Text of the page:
Somalis first moved to Cardiff at the end of the 19th century
More support for young Somali people is needed to help them integrate successfully, a report has found.
The document, Needs, Aspirations and Solutions, was produced by the Cardiff-based Somali Integration Society (SIS).
The group's Ibrahim Harbi said the report would raise awareness of the needs, suffering and positive contribution of Somali people in Wales.
First Minister Rhodri Morgan will launch the report at the National Eisteddfod voluntary pavilion.
Mr Harbi said that unemployment, unwanted police attention and a lack of positive role models were some of the most important findings in the report.
"Somali young people face particular problems in terms of their education and a lack of parental understanding to support their children's education."
"Somalis are acutely aware of the problems they face and feel strongly that more needs to be done to develop young Somali people into adulthood," he said.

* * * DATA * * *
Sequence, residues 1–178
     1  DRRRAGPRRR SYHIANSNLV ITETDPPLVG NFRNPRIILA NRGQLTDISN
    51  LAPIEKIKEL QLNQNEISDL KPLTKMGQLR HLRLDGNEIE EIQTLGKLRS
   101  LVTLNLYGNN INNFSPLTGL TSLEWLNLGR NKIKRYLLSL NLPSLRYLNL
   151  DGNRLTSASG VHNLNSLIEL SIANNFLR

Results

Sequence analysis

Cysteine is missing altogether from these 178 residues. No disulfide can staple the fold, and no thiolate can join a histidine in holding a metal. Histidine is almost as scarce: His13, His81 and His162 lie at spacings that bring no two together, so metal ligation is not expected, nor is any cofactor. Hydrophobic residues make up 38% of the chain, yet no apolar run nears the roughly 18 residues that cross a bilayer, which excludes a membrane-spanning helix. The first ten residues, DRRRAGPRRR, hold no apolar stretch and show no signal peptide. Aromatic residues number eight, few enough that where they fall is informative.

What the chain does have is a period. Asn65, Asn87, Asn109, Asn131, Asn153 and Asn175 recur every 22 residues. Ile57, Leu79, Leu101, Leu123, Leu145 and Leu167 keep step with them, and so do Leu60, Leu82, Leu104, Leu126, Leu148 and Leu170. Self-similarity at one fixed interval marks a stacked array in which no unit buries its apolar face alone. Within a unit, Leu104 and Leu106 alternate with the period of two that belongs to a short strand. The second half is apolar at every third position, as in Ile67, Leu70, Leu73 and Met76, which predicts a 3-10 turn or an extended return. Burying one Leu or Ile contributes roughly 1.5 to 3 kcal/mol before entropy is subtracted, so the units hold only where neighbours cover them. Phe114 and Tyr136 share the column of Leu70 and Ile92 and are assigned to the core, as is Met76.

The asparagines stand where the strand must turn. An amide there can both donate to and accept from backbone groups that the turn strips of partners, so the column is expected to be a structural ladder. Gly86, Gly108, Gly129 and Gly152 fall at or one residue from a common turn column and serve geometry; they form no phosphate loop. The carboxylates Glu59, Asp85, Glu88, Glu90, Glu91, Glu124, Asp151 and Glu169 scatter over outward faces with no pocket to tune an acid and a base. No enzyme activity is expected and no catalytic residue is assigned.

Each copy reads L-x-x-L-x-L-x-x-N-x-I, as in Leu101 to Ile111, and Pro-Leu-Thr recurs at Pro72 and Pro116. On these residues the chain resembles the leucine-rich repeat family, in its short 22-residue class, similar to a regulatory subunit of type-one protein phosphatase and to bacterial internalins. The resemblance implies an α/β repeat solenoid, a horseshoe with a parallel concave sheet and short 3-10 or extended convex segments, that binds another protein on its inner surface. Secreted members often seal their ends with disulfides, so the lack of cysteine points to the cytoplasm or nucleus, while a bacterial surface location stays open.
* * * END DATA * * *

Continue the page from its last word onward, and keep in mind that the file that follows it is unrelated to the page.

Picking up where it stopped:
He also raised concerns over the effects on the community of khat, a legal drug which is linked to heart problems and mental illness.
Co-ordination of agencies supporting Somali youth in Cardiff
Allocation of financial and human resources to support initiatives
Empowering parents and community leaders to support young people
Training service providers to improve their understanding of young Somalis
Targeting key issues as they emerge
Creating links between old and young Somalis via a strategic forum
The report is being supported by the Council for Wales of Voluntary Youth Services (CWVYS), whose president, Caerphilly MP Wayne David, will help its launch.
Chief executive Veronica Wilson said: "CWVYS is delighted to work in partnership with SIS to enable the views of Somali young people to be heard to support their aspirations being realised and their positive contribution to the future of Wales."
The report was funded by the Cardiff Children and Young People's Partnership.
SIS was set up in 2002 and aims to help young Somali people overcome barriers to successful integration in their local communities.
Cardiff's Somali community is one of the oldest ethnic groups in the city.
Their ancestors were originally drawn as seafarers at the end of the 19th Century - shortly after the opening of the Suez Canal - to work in the city's docks.
The community was swelled further in the 1980s by people fleeing civil war.
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